We did notice that some images came out a little too neutral, but this was easily fixed during our post processing. Most of our images — even ones taken on cloudy days — required only minimal post processing for contrast. We ran the camera in manual mode most of the time, as the f/4 lens didn't do a perfect job in aperture priority mode when taking photos in very bright light. Conversely, in low light the Mark III's performance while using a slow shutter speed was spectacular. Handheld shots at 1/20th of a second came out almost crystal clear thanks to the built-in image stabilisation of the lens. It's odd to hand hold the camera when using such a slow shutter speed, because it has a heavy shutter that you can really feel. The camera is heavy enough to keep steady for short periods of time (unless you use a massive lens). After long periods of time, you might get shaky hands. It's best to have a monopod on hand, just in case.
The Mark III's body has all the buttons you need to access the most common functions for affecting the exposure and the focus method (and there is a built-in hand grip for portrait shots), but we wish there was an extra dial near the shutter for the aperture control. As it stands, to change the aperture you must either press the exposure button and then move the hand dial, or set the camera's power switch to its third position to enable the thumb-wheel on the back of the camera and use it to change the aperture value. It's a tad unintuitive.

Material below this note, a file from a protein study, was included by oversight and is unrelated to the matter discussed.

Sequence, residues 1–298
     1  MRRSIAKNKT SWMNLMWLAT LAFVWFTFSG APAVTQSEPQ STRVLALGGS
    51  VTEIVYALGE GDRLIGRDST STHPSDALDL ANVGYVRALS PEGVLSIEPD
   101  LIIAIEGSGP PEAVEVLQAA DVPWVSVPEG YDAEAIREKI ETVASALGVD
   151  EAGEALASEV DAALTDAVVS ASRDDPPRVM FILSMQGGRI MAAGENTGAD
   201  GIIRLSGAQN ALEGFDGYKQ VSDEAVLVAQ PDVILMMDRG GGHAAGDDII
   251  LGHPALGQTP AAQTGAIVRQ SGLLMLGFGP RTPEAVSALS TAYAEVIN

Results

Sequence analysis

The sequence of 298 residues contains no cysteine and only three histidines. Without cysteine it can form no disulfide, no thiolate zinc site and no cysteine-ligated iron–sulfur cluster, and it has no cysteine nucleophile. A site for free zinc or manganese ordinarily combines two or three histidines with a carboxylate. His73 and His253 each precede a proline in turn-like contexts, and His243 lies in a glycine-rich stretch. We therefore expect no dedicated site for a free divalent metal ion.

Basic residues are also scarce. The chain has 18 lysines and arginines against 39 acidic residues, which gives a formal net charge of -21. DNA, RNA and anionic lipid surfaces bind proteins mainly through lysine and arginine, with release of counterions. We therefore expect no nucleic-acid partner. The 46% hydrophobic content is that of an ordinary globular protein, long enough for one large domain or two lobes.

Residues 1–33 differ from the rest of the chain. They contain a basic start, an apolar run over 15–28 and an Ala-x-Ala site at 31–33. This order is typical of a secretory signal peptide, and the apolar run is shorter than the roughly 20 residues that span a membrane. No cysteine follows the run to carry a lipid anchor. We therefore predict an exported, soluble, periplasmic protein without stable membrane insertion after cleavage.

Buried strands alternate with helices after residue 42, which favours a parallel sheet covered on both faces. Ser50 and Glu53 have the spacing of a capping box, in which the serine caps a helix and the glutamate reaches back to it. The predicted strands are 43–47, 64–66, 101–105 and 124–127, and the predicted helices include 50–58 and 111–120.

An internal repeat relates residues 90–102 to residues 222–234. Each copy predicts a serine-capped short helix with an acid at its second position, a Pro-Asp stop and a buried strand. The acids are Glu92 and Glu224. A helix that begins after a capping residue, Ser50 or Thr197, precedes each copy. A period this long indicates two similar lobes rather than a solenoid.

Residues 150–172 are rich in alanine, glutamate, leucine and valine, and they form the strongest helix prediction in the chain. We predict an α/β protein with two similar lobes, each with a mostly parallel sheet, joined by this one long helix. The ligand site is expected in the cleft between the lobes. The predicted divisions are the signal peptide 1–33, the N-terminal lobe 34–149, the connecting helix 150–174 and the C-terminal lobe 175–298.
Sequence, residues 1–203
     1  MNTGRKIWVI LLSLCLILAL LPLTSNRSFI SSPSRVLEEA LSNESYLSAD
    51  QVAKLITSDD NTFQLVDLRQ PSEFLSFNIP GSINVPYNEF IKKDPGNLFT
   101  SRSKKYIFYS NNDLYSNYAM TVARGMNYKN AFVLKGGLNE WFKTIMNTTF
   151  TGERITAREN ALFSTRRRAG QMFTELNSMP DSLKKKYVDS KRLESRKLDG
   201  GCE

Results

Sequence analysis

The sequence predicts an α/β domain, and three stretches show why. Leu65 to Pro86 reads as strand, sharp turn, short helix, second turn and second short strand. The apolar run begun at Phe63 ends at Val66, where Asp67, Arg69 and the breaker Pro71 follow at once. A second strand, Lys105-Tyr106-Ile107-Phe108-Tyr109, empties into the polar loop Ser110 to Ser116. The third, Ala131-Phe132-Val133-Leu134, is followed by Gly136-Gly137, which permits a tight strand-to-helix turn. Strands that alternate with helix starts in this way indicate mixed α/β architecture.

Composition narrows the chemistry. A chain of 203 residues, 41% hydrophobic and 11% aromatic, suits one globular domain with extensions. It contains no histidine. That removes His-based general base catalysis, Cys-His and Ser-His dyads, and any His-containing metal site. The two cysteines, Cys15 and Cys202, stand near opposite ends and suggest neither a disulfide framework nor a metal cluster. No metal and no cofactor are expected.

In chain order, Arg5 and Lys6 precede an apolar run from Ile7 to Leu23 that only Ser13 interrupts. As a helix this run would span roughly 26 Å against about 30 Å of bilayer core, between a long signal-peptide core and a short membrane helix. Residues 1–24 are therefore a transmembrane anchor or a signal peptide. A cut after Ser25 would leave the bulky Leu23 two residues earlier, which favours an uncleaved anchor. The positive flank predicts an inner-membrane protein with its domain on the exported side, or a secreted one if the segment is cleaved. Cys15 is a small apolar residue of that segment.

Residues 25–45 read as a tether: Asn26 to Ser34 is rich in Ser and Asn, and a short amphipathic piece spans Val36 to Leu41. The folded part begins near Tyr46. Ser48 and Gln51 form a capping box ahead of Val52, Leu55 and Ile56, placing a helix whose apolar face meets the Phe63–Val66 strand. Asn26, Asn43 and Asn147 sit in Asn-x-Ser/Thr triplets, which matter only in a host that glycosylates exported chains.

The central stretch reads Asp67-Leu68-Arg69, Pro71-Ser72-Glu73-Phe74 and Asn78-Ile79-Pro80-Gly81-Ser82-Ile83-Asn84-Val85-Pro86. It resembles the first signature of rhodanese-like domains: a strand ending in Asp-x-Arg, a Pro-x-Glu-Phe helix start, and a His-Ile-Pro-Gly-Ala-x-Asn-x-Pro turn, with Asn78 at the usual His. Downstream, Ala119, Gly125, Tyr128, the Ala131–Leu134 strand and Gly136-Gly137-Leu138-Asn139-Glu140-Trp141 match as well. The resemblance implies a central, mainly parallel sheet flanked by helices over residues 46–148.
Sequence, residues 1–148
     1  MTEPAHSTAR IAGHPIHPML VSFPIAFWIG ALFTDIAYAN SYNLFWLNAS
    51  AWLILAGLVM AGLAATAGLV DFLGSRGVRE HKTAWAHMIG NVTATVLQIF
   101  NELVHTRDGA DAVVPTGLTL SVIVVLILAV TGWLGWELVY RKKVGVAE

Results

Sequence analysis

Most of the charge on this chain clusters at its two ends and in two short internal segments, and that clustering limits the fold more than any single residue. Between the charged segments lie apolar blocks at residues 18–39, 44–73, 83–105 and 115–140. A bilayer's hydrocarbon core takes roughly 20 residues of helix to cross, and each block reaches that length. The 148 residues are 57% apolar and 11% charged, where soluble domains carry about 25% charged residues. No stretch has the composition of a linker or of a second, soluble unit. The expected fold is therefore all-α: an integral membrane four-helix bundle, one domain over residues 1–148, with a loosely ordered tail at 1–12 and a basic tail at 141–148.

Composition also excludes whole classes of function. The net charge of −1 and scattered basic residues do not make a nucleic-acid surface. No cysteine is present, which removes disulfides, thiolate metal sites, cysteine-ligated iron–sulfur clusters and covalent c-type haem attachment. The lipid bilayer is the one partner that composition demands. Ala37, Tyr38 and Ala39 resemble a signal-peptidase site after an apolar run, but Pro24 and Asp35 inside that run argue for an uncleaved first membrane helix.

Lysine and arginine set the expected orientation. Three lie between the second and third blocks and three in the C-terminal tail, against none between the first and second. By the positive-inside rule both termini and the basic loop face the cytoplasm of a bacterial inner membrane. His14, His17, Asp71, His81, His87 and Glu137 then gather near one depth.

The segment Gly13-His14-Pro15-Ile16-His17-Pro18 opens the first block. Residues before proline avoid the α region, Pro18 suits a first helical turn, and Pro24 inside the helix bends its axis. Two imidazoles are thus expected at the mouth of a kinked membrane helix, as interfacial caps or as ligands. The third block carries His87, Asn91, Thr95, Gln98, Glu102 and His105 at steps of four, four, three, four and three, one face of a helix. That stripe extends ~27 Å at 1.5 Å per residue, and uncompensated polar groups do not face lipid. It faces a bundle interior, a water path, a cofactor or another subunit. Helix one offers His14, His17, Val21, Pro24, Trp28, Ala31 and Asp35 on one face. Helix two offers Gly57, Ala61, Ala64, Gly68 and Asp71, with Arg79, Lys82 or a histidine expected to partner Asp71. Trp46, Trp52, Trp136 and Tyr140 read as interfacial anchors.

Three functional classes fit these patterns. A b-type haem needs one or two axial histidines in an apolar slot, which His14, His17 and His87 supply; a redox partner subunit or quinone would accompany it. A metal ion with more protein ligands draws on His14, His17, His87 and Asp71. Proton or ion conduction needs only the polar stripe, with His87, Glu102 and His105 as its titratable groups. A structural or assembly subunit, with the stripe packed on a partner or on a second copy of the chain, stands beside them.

Live View makes an appearance on the Mark III, but it didn't show us the results of autofocus functions on the LCD screen; manual focusing did show up through the screen, however. We're not fans of Live View in the first place, especially on cameras that have a beautifully large optical viewfinder such as this one, but it can be useful when framing shots in a studio environment. While on the subject of focusing, the Canon EF 24-105mm 1:4 L IS USM lens allowed us to select from nine manual focus points towards the middle of the scene, which is not as comprehensive as we would have liked. For autofocusing, the Mark III has 45 focus points, which is six less than Nikon's D3x.
In the end, the Canon EOS 1Ds Mark III is a huge improvement over the EOS D1s Mark II. It's faster, has a much larger sensor and has a 14-bit analog to digital converter. It also offers Live View and built-in dust reduction. It's a beast of a camera for any professional Canon user who wants to take a step up from the Mark II.